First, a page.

Take a moment to think of a successful sports team. In football, you need a variety of different skilled positions working in unison to function effectively. In basketball, having a healthy mix of shooters, passers, post players, and defensive specialists is a recipe for a team that’s tough to beat. Successful sports teams are analogous to successful work teams: It takes a diverse group of employees to accomplish challenging goals. Diverse teams tackle issues from multiple perspectives, shrink potential blind spots and, among other things, bring with them a wide variety of lived experiences that only serve to enrich the perspectives of those around them while positively adding to company culture.
But increased representation is only part of the solution. Working to create and implement inclusive hiring practices, policies, and environments serve as incubators for increased efficiency, productivity, job satisfaction, retention, and feelings of belonging among employees.
And, while the internal benefits of creating a more diverse workforce cannot be overstated, it’s equally important to understand that, in order to serve an ever-changing consumer landscape, companies must be willing to and able to listen to and act on the offered perspectives of their diverse workforce in order to create products and services that have mass appeal for diverse audiences.
Before any of this can happen, however, companies will need to make the steadfast commitment to intentionally recruit and hire with DEI as a focal point. It’s important to note that there’s no prescribed checklist or specific roadmap to follow when working to build inclusion within the recruiting and hiring process, but there are a number of different considerations companies and hiring managers will need to contemplate as they work through the needs for their companies. In this article, we will explore some of these considerations and provide a few helpful tips on how to navigate these new and exciting waters.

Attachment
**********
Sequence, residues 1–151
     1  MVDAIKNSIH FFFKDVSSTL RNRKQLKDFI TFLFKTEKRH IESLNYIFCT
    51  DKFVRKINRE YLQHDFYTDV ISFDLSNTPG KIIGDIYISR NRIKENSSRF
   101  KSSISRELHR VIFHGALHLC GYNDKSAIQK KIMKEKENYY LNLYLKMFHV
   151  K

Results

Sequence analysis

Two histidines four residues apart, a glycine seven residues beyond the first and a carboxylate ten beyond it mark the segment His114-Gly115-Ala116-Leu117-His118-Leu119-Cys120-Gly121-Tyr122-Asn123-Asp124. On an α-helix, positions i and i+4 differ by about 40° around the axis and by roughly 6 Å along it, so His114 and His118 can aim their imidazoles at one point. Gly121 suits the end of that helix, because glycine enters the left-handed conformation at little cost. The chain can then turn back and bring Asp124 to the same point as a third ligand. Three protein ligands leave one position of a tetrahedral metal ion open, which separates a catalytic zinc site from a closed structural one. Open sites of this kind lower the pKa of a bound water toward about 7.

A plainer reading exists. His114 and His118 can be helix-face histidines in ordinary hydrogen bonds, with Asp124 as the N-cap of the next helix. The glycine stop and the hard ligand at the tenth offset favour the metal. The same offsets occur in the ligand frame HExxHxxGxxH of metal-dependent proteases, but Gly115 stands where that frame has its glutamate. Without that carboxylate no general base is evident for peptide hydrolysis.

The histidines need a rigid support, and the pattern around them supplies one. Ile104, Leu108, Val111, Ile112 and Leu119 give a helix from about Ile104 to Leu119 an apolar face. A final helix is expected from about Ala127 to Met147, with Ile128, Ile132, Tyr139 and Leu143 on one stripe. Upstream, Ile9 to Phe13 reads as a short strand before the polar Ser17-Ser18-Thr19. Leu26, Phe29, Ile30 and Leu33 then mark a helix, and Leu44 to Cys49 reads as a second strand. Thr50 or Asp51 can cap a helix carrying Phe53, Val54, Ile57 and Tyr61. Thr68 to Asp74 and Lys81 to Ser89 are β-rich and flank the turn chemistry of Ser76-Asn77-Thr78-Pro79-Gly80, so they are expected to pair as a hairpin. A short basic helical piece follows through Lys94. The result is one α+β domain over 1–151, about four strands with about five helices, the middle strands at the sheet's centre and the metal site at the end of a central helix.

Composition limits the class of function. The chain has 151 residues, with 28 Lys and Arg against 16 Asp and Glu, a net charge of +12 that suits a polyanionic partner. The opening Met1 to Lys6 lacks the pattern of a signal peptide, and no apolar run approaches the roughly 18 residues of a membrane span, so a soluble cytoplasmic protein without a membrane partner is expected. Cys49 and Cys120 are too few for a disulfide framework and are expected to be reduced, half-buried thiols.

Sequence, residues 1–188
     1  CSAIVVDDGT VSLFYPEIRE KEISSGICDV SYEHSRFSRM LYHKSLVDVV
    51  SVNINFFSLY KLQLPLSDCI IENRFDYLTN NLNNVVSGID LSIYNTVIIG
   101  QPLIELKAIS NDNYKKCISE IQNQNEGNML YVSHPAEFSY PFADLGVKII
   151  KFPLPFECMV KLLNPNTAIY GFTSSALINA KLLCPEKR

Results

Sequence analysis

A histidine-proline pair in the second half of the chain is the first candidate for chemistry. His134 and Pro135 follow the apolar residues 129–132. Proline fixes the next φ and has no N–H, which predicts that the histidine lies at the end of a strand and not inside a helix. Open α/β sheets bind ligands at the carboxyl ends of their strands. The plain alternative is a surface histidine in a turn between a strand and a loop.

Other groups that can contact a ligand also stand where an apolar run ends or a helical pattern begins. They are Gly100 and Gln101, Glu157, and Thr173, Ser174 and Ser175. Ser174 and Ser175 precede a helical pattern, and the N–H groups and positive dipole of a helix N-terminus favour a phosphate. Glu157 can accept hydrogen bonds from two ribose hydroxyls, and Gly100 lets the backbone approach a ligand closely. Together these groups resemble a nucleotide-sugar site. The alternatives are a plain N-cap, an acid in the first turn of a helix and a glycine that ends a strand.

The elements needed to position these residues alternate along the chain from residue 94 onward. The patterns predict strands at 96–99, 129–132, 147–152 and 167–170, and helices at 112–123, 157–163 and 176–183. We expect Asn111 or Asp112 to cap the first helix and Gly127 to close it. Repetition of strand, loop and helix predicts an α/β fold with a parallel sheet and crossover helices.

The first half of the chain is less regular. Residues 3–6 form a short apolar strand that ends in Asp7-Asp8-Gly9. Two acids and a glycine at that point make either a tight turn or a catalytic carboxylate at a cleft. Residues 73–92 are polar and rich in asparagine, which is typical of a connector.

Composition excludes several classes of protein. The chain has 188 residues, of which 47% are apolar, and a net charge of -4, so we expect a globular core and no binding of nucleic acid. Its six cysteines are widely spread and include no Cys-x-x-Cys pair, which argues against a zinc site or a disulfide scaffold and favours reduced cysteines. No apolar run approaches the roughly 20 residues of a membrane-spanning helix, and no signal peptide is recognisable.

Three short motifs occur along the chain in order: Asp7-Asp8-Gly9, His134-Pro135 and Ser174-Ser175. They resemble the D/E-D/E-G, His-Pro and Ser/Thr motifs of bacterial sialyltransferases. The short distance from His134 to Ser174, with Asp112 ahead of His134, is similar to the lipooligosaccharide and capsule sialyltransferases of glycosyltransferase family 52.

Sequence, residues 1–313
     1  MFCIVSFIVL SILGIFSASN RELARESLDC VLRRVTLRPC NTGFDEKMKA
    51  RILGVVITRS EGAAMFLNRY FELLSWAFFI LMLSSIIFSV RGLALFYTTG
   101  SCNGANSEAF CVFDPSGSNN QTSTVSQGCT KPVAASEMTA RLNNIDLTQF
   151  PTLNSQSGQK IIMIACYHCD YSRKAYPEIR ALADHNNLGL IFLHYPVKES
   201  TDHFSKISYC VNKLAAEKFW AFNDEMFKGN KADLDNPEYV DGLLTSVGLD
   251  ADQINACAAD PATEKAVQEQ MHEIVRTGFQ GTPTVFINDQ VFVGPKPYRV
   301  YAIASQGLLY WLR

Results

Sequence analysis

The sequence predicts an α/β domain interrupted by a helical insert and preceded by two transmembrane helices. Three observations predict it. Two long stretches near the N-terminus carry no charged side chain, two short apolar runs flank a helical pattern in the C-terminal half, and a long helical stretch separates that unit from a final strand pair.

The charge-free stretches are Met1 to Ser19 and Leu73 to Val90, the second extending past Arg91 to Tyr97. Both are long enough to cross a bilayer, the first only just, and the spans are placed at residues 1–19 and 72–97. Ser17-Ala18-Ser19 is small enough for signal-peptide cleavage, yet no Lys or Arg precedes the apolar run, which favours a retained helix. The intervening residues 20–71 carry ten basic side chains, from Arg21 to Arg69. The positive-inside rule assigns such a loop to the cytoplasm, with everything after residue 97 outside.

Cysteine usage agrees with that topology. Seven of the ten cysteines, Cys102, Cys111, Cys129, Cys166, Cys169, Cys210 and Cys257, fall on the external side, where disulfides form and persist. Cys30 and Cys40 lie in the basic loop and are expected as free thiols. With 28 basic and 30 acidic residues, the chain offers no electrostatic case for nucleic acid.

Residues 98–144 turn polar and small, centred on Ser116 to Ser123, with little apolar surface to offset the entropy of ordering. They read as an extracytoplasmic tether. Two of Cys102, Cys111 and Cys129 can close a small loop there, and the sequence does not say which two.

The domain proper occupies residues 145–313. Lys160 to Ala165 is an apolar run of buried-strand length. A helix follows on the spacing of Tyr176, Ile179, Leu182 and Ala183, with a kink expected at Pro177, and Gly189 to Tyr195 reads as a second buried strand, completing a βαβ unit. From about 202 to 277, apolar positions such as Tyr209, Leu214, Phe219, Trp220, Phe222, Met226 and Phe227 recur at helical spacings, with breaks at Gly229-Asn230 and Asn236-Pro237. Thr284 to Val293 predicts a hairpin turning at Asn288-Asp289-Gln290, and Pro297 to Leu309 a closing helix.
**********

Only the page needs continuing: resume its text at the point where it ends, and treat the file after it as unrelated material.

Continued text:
What is inclusive hiring and DEI recruiting?
Diversity, equity, and inclusion (DEI) are terms that are often used together and, unfortunately, used interchangeably. To be clear, these terms mean very different things. The Oxford dictionary offers up the following definitions:
- Diversity: the practice or quality of including or involving people from a range of different social and ethnic backgrounds and of different genders, sexual orientations, etc.
- Equity: the quality of being fair and impartial.
- Inclusion: the action or state of including or of being included within a group or structure.
For the longest time, we based the success of diversity initiatives on sheer numbers. “That company has XX% people of color and women, which means they’re doing well.” Today, we understand that the issue is a bit too complex for tally marks alone to tell the whole story. Diversity, equity, inclusion is cultivating an environment that is not only demographically representative of the greater population, but also encourages, empowers, and uplifts the voices of employees who have been historically under-represented, under-valued and, quite frankly, silenced. A commitment to living out these ideals should not only be reflected in a company’s mission, vision, and values, but should be genuinely felt across the company.
So, when it comes to recruiting with diversity and inclusion in mind, there are a number of considerations companies will need to ponder:
- Company profile
- Recruitment strategies
- Application and resume screening processes
How do you diversify hiring practices?